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Mechanography (also referred to as jumping mechanography) is a medical diagnostic measurement method for motion analysis by means of physical parameters. The variation of the ground reaction forces over the time of a motion like typical every day movements (e.g. chair rise or jumps) are measured and centre of gravity related physical parameters like relative maximum forces, velocity, power output, kinetic energy, potential energy, height of jump or whole body stiffness[1] are calculated. If the ground reaction forces are measured separately for left and right leg in addition body imbalances during the motions can be analysed. This enables for example to document the results of therapy.[2] The same methodology can also be used for gait analysis[3][4] or for analysis of stair climbing.

Fields of application[edit]

Typical fields of applications of Mechanography are in the field of geriatrics[5][6][7][8][9] as well as in pediatrics.[10][11][12][13][14][15][16][17] In opposite to many other established measurements methods like Chair Rising Test, Stand-up and Go test and others[18][19] the maximum power output relative to body weight during a jump of maximum height measured by Mechanography is a much better reproducible and does not have a training effect even when repeated more frequently.[20]

Based on this test (maximum relative power output of a jump as high as possible) Runge et al. and Schönau et al. defined reference values of a fit population in order to match the individual power output in relation to bodyweight, age and gender[5][14] Tsubaki[21][22] showed when using identical selection criteria as Runge that the relative Power of the Japanese population is identical with western European population which delimits the need for localized reference data. Runge et al. also showed the interrelation between the measured individual power output and the neuromuscular caused fall risk.[23]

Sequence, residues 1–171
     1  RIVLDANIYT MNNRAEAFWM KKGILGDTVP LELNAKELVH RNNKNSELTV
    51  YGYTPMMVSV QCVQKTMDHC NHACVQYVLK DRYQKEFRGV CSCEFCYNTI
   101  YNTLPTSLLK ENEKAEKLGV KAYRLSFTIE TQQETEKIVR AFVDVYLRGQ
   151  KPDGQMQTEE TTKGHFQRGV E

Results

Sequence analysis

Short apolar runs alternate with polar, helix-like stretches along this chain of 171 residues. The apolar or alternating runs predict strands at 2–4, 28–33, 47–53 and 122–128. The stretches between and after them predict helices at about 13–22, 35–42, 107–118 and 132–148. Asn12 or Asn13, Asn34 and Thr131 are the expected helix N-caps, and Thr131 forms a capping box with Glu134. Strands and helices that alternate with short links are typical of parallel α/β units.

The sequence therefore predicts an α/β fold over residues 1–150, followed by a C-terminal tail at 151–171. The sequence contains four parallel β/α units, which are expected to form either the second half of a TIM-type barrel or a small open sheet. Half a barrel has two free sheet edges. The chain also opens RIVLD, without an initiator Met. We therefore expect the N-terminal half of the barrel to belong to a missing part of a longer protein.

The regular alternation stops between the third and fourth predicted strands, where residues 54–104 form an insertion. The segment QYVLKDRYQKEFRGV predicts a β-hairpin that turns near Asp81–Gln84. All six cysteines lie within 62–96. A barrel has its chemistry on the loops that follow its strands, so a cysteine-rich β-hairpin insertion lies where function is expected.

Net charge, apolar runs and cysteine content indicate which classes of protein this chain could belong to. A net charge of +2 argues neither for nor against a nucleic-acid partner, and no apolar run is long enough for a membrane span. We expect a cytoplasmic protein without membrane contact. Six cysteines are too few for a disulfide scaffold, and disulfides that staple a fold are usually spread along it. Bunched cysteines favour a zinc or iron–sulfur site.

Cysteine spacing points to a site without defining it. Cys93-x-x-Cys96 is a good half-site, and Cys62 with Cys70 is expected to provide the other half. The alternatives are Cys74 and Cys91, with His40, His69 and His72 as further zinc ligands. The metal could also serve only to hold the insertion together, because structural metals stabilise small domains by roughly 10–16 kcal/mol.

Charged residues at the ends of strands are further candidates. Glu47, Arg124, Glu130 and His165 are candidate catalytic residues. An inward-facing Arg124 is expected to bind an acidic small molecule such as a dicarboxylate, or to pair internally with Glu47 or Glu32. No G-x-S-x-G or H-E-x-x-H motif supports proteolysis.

Due to this objective and highly reproducible quantification of typical every day movements by means of physical parameters the Mechanography is well suited to document the physical state of a person[5][24][25] as well as the effects of training or therapy.[2][7][17][26][27][28] Because of this it is also one of the standard measurements in recent and current Bed Rest Studies of the European Space Agency (ESA).[26][29]

Mechanography has also been used to explore the relation between muscle and bone. According to the Mechanostat theorem muscle function influences bone growth. By combining functional measurement methods like Mechanography and quantitative computer tomographic measurements analysing bone density, geometry and strength this relationship can be assessed.[13][30][30][31]


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  2. ^ a b Fricke O, Witzel C, Schickendantz S, Sreeram N, Brockmeier K, Schoenau E: Mechanographic characteristics of adolescents and young adults with congenital heart disease, Eur J Pediatr. 2007 May 22, PMID 17516086
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  20. ^ Rittweger J, Schiessl H, Felsenberg D, Runge M: Reproducibility of the jumping mechanography as a test of mechanical power output in physically competent adult and elderly subjects, J Am Geriatr Soc. 2004 Jan;52(1):128-31, PMID 14687327
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  24. ^ Ward KA, Das G, Berry JL, Roberts SA, Rawer R, Adams JE, Mughal Z: Vitamin D status and muscle function in post-menarchal adolescent girls, J Clin Endocrinol Metab., :, 2008; PMID 19033372
  25. ^ Yanovich R, Evans R, Israeli E, Constantini N, Sharvit N, Merkel D, Epstein Y, Moran DS: Differences in physical fitness of male and female recruits in gender-integrated army basic training, Med Sci Sports Exerc., 40(11 Suppl):S654-9, 2008; PMID 18849869
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  30. ^ a b Anliker E, Dick C, Rawer R, Toigo M: Effects of jumping exercise on maximum ground reaction force and bone in 8- to 12-year-old boys and girls: a 9-month randomized controlled trial., J Musculoskelet Neuronal Interact, 12(2):56-67, 2012; PMID 22647278 Cite error: Invalid <ref> tag; name "Anliker12" defined multiple times with different content (see the help page).
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